Norris Trophy (top defenseman)
With 16 games remaining, Brent Burns is on pace for around 89 points. To put this in perspective: The highest point total for a defenseman in the last 25 years was 91 points by Ray Bourque in 1993-94. If we're going to hand Kucherov the MVP award for a historic point total on a really, really good team, how could we deny the Norris Trophy to Burns on similar terms?
Yet with every straw poll and in every conversation with voters, the wind is blowing in Giordano's direction. He's got the case for it, no doubt: 61 points in 63 games, skating 24:41 per night, a 56.5 Corsi for percentage and a plus-5.5 percent relative Corsi at even strength.
Most importantly, he has two things going for him that Burns does not: He's never won the Norris, and had a few promising campaigns thwarted by injuries; and he's got the "old guy" thing, as he attempts to become the fourth player in NHL history to win the Norris at age 35 or older. Giordano already gained headlines by becoming just the eighth player since 1979 to post a career high in points after his 35th birthday.
Burns has the overwhelming numbers. Giordano has the impressive numbers -- and the narrative.
The last finalist likely comes down to Morgan Rielly of the Toronto Maple Leafs and Letang, to whom I'm giving the nod here. Why? Both because he's having a better season than Rielly and because I hope this gesture might make some voters consider how much better he's been before casting their ballot for Rielly.
Letang has him beat in even-strength metrics per 60 minutes like primary assists (0.62 to 0.52), giveaways (2.29 to 3.36), takeaways (2.44 to 2.32) as well as shot attempts (plus-164 to minus-1) and scoring chances-for percentage (54.79 to 50.36). That's with fewer offensive zone starts on average as well. Letang plays more (25:55) than Rielly (22:49), including on the penalty kill. Hopefully he returns from the injury he suffered in the Stadium Series game quickly, and continues what we believe is a Norris-caliber season. But, keep in mind: In both the PHWA and NHL.com straw pools, Rielly was the third finalist.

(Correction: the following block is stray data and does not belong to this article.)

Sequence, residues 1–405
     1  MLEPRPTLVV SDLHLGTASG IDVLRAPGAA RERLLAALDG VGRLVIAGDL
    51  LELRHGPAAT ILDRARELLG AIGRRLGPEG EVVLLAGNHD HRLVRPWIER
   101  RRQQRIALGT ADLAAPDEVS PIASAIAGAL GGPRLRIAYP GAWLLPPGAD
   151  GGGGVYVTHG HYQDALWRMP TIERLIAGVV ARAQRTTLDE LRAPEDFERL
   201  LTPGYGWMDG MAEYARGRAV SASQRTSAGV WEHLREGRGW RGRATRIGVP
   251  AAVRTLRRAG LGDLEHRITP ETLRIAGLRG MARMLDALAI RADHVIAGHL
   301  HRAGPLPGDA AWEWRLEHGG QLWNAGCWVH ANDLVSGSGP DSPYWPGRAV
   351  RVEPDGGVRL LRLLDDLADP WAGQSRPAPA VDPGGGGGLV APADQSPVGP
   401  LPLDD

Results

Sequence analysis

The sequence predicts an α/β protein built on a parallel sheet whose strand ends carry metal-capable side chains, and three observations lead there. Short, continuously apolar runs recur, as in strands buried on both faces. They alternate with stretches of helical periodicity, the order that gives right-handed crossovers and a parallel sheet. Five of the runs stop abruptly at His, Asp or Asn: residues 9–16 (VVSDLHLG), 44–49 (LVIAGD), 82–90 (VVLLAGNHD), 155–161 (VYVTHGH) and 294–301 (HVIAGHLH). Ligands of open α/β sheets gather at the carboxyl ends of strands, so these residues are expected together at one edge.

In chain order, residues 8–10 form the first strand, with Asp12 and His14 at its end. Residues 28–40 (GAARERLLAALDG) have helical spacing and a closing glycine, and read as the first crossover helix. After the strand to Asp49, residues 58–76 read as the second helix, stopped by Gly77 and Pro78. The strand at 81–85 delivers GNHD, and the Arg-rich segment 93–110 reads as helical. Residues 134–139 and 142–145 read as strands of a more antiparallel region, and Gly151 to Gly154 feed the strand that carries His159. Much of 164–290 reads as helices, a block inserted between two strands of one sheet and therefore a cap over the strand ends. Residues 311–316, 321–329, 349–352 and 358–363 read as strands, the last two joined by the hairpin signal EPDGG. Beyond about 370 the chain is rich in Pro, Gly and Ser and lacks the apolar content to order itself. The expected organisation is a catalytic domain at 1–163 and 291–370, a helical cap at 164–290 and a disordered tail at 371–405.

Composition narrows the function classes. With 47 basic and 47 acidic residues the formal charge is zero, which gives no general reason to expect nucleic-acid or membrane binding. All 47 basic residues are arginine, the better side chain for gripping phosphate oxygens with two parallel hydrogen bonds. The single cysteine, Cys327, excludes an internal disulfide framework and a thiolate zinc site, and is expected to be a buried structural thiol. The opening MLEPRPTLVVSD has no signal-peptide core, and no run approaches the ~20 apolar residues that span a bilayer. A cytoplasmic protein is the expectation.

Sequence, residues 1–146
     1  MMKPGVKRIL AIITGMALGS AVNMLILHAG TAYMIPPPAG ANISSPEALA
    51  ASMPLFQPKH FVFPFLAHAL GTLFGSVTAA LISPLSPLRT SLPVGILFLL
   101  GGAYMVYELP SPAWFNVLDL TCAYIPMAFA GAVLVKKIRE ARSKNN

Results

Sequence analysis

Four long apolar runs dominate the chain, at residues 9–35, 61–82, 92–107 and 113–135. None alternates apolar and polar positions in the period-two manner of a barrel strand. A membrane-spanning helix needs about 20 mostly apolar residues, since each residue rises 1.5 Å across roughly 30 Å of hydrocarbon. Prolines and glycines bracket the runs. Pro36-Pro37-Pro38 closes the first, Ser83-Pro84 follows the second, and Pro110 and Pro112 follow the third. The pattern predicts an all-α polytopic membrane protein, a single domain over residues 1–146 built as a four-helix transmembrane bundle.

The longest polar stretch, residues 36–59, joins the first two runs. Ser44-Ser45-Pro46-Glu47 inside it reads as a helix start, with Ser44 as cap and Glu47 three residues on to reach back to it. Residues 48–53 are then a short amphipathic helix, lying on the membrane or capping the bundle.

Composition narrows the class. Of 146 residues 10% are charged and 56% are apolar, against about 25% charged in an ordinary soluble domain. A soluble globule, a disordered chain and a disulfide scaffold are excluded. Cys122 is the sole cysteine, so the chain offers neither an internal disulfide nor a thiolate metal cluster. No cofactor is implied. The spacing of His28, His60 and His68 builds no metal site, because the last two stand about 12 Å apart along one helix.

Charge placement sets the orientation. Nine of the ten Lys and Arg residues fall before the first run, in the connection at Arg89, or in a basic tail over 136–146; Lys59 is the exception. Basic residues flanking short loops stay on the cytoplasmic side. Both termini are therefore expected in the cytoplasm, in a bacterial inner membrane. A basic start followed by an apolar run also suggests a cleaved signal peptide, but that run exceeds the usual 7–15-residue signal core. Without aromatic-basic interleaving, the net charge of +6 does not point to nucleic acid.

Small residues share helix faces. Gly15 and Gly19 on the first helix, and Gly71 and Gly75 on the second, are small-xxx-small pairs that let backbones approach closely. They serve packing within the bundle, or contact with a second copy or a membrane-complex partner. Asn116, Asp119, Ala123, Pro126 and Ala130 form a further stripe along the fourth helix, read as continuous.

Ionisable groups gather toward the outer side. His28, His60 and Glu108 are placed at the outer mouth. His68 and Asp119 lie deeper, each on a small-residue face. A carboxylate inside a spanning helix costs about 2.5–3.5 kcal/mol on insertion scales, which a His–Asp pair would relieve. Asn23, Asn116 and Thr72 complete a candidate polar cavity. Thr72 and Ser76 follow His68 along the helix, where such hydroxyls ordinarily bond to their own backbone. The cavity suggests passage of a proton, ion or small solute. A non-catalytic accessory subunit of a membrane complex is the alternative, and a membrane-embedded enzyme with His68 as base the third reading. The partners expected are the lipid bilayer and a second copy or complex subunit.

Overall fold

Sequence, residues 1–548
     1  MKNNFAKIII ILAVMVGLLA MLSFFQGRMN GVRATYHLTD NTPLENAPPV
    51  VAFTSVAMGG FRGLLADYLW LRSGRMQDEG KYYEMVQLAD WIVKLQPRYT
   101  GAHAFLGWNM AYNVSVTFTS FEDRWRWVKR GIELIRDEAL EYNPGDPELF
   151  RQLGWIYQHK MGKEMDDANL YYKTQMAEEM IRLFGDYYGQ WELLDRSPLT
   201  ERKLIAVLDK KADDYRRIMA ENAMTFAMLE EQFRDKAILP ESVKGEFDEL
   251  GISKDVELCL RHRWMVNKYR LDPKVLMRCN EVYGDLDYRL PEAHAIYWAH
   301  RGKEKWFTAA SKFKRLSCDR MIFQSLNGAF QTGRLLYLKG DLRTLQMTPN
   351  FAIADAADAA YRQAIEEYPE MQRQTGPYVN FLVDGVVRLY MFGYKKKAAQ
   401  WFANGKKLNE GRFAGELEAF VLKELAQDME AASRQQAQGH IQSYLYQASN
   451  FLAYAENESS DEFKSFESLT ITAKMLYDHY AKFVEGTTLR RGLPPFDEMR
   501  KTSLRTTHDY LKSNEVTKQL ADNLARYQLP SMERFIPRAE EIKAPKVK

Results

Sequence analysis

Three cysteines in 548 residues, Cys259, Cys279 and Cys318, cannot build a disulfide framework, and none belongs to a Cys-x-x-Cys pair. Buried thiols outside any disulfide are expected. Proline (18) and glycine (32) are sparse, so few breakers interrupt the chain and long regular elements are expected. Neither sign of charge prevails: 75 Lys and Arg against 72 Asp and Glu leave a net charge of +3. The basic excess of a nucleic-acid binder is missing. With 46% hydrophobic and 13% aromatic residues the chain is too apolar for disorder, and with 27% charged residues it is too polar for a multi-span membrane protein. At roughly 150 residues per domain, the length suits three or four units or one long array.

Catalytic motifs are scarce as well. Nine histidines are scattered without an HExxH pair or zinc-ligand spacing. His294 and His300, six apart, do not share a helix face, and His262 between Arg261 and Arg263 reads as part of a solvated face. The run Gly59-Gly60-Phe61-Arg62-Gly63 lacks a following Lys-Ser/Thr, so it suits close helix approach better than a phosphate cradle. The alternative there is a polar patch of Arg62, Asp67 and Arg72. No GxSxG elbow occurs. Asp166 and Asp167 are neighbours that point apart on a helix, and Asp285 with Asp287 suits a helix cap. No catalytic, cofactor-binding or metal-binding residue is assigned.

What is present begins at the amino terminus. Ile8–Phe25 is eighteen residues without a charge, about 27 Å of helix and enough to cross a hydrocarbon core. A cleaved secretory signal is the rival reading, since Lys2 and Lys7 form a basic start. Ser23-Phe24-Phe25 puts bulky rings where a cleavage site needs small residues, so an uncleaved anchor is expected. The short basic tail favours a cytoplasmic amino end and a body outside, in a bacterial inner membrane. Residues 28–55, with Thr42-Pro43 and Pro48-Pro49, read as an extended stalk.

Selke Trophy (best defensive forward)
Stone remains on track to become the first winger to win the Selke since Jere Lehtinen in 2002-03. The Golden Knights' huge trade deadline acquisition, Stone has a 9.82-percent relative Corsi at 5-on-5, which is third best in the NHL. He's ninth in high-danger shot attempts percentage (58.4) among forwards who've skated a minimum 800 minutes. There's no predicting what his numbers end up doing with the Golden Knights, as much of his Selke case has been in comparison to his Ottawa teammates. But for now, he's the leader for the Selke.
Bergeron's place on this list is tenuous because he's only played 49 games. But he was third for the Selke last season and played 64 games, and it's not like he doesn't have a case: he's 57.5 percent on faceoffs, and has a stellar 7.10 percent relative scoring chances vs. that of his teammates. (He also topped the PHWA ballot at the midseason.)
As stated earlier, Crosby has been played at a high level defensively this season, with a 9.18 Corsi for percentage relative to his teammates, and the Penguins get 59.2 percent of the high-danger shot attempts at 5-on-5 when he's on ice, to go along with his 54.8 faceoff winning percentage. Not a traditional candidate for the Selke in some areas -- just 16.08 percent of his starts are in the defensive zone, for example -- but worthy of Selke consideration.
Vezina Trophy (top goaltender)
Vasilevskiy is putting together quite a season behind that Lightning juggernaut, with a 30-7-4 record, a .931 save percentage and an NHL-best 29.58 goals saved above average. The only issue is his work rate at 41 games (due to injury), which trails a couple of the league's other workhorses. But otherwise, he's been the NHL's best.